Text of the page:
Liz Sirrell has been living with intense chronic pain from Scoliosis, Trigeminal Neuralgia and a myriad of other chronic illnesses since she was 10.
In this podcast, she shares her life experiences with having to retire at 28 due to medical reasons, how art gave her her self-confidence and esteem back, learning to accept life with unpredictable chronic illness and her wish for more empathy in society.
I hope you enjoy listening to this episode, and you can also find the transcript below.
*Disclaimer: This article and the podcast are meant for educational purposes and are based on personal experiences. They are not to be substituted for medical advice. Please consult your own doctor before changing or adding any new treatment protocols.
Follow and listen to ‘Sick Lessons’ on your favourite audio platform(s) here: https://sicklessons.buzzsprout.com/
- When you find something that brings you joy, grab hold of it and flow with it. Appreciate the small things around you.
- Learn to listen to your body before it forces you to listen to its pain.
- Acceptance, like grief, isn’t a straightforward road. It goes backwards and forwards, but eventually you get there.
- Have more empathy for people, because you never know what they’re going through.
Transcript of Episode 3: Sick Lessons from Liz Sirrell on Acceptance & Having Empathy
Sheryl: Hi Liz, how are you today?
Liz: Hi Sheryl, I’m not too bad, thank you.
Sheryl: That’s great. Thank you for agreeing to join me on my podcast. It’s still really small and new.
Liz: You’re very welcome. Thank you for inviting me on.
Sheryl: Yes, okay. And let’s get into it. Can you introduce yourself briefly? Is there any hobbies, passions, stuff like that?
Liz: Been married to my husband for about 30 years. I live at the Scottish borders, out in the middle of nowhere. My nearest neighbour is three miles away, which I just love it. It’s peaceful. It’s lovely here.
Just my husband, myself and our dog. She’s not too peaceful. She’s a big pup still and goes a bit crazy at times.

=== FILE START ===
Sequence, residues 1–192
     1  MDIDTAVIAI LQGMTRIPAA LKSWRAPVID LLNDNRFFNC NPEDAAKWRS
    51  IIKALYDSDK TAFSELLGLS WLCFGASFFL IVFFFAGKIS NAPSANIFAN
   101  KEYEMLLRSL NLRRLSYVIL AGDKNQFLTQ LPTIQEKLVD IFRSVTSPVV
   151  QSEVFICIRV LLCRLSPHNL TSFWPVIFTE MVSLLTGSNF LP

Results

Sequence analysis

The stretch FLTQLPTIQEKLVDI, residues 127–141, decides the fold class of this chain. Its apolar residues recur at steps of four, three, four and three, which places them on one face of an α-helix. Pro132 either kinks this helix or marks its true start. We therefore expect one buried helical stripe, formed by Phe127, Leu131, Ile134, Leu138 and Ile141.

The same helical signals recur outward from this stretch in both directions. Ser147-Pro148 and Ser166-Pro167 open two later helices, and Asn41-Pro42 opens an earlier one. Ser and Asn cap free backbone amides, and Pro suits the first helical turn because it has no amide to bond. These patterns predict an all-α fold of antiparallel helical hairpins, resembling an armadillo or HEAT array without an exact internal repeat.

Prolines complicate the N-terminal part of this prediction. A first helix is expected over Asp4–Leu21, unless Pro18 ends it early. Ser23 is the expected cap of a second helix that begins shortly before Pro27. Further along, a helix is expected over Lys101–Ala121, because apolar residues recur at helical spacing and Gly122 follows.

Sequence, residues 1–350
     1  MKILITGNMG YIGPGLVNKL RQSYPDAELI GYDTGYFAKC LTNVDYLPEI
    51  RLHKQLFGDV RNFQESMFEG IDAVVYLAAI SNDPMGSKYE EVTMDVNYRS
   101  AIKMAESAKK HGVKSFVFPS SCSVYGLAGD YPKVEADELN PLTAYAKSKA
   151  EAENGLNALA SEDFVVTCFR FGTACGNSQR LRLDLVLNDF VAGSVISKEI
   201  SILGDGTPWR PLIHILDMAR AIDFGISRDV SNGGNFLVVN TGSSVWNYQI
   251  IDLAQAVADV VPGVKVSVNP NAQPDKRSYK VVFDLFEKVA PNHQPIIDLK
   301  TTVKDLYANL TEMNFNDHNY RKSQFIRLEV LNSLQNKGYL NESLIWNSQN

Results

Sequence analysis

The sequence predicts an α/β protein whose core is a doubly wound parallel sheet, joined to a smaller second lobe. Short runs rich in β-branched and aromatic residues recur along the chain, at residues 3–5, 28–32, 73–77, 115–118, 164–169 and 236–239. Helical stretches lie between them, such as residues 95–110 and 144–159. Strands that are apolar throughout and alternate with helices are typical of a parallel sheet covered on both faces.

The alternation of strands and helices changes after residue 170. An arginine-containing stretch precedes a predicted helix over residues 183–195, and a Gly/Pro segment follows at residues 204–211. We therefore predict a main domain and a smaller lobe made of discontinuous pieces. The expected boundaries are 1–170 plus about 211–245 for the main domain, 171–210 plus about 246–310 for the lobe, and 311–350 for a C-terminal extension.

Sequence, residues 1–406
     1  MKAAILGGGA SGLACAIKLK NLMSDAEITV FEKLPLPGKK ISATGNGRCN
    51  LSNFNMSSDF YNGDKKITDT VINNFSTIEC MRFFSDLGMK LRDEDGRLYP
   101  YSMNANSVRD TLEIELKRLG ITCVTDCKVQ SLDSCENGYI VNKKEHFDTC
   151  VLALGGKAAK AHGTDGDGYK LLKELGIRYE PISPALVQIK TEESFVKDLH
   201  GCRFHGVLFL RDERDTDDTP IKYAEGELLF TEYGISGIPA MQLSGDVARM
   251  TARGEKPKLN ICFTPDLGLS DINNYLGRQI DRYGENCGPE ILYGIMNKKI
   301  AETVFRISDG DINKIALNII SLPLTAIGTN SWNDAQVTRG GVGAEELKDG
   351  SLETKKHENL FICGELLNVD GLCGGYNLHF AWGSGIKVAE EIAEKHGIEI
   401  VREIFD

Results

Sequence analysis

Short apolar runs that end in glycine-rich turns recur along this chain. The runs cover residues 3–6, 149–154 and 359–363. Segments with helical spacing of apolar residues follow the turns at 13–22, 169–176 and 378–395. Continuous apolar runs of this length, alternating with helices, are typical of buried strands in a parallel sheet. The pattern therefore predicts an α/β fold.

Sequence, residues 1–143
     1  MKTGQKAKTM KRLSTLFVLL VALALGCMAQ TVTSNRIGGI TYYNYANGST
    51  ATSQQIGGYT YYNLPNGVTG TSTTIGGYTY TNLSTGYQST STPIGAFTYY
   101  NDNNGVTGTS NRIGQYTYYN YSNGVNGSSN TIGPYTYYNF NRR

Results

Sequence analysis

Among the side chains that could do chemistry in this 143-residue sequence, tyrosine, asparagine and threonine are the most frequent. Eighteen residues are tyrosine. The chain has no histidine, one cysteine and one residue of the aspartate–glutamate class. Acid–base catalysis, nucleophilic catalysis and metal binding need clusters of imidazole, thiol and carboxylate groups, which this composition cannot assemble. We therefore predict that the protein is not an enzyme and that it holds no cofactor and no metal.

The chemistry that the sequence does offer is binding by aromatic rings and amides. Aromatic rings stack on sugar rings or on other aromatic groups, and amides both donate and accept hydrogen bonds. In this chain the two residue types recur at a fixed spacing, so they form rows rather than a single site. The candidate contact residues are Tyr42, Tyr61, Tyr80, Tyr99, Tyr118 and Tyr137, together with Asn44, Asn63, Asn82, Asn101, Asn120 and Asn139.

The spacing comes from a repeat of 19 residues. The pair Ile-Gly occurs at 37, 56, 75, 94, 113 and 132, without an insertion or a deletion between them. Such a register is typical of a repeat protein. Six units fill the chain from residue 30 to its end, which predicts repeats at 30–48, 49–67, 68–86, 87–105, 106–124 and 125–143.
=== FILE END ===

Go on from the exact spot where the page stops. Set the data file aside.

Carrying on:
Sheryl: What kind of dog is she?
Liz: She’s a Hungarian wire-haired vizsla.
Sheryl: I have a Shetland Sheepdog. Scottish.
Liz: She’s absolutely gorgeous and very, very lovable, really quite clingy.
Sheryl: Okay. They’re pretty good runners am I, right?
Liz: Yes, yes. She’s got lots of energy.
Sheryl: How do you keep up with that?
Liz: My husband would be the one who takes her out for walks and things like that. We’re out in the country, she can, you know, she’s got space to run around and she loves to cuddle.
She just loves to come in and cuddle you, which is really nice when you’re having a bad day, you’re not feeling too good and your dog just wants to sit beside you and cuddle into you. It makes you feel quite good.
Sheryl: I think with all that’s going on with a disability and everything, my dog provides me with the biggest comfort.
Liz: I always think that animals are quite perceptive. If you aren’t feeling well, they seem to know.
Sheryl: Mine’s not that perceptive. All he wants to do is play, basically.
And how do you find living so far away from… So remote, right? Like, do you get nervous?
Liz: I love it.
Sheryl: If you need medical help or something.
Liz: That would be the one disadvantage if there was an emergency, I think. But so far, touch wood, there’s nothing that’s happened like that. But as my nearest doctor surgery is like a 20-minute drive from here, which isn’t too bad.
Sheryl: Yeah, that’s not bad.
Liz: I’ve not had any emergencies or anything like that, that have, you know, caused a problem. But, you know, I love the peace and quiet. I look out the windows every single day, and I think how lucky I am to live here because it’s beautiful.
Sheryl: I think I’d live in some place like that, except if I had an emergency, what would I do? That would be the concern.
Yeah, cos it’s so convenient in Singapore. Like, you can call a taxi anytime you need, and you know, there’s food delivery at any hour, so, yeah…
Liz: No, we don’t get that.
Sheryl: Yeah, exactly. I’d trade it. I’d trade it for peace and quiet.
Liz: Yeah, it’s not everybody’s cup of tea living somewhere like this. You know, a lot of people would see it as a place for a holiday, but to live here all the time, nope, not everybody would like it. But no, I love it. My husband loves it. And so, we’re quite happy here.
Sheryl: You live with arthritis, Osteoporosis, Raynaud’s and Coeliac Disease, is that right?
Liz: And I have scoliosis which caused me to have back pain all my life, really. And I’ve got a facial pain condition called Trigeminal Neuralgia. Not a lot of people know about that but it’s supposedly one of the most painful conditions that is known to mankind.
Well, I was probably in my twenties, when it first started, but it wasn’t diagnosed until I was in my 40s.
I think that’s one of the reasons that I’m quite active on my blog, and I write a lot about it for the weirdness. Because I think people should not have to go through all the years, you know, of having pain like that and you know, nothing happens.
I went from doctors to dentists back and forward for years. Tell them the pain I had in my face, and nothing was ever done about it. Until finally, I got a new dentist, and this new dentist checked my teeth. And always they say, no there’s nothing wrong.